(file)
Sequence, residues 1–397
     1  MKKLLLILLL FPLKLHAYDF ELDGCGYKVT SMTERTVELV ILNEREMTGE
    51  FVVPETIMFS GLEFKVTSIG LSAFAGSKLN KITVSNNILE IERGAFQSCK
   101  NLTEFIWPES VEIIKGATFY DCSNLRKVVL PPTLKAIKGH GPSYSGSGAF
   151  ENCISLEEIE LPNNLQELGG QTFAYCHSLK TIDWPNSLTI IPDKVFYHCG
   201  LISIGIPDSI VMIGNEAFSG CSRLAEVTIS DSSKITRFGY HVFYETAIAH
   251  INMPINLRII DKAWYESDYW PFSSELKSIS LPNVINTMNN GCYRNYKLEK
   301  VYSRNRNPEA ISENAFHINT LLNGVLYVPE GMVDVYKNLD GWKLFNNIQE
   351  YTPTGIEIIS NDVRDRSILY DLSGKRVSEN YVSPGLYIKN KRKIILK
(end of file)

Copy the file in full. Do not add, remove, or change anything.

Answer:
Sequence, residues 1–397
     1  MKKLLLILLL FPLKLHAYDF ELDGCGYKVT SMTERTVELV ILNEREMTGE
    51  FVVPETIMFS GLEFKVTSIG LSAFAGSKLN KITVSNNILE IERGAFQSCK
   101  NLTEFIWPES VEIIKGATFY DCSNLRKVVL PPTLKAIKGH GPSYSGSGAF
   151  ENCISLEEIE LPNNLQELGG QTFAYCHSLK TIDWPNSLTI IPDKVFYHCG
   201  LISIGIPDSI VMIGNEAFSG CSRLAEVTIS DSSKITRFGY HVFYETAIAH
   251  INMPINLRII DKAWYESDYW PFSSELKSIS LPNVINTMNN GCYRNYKLEK
   301  VYSRNRNPEA ISENAFHINT LLNGVLYVPE GMVDVYKNLD GWKLFNNIQE
   351  YTPTGIEIIS NDVRDRSILY DLSGKRVSEN YVSPGLYIKN KRKIILK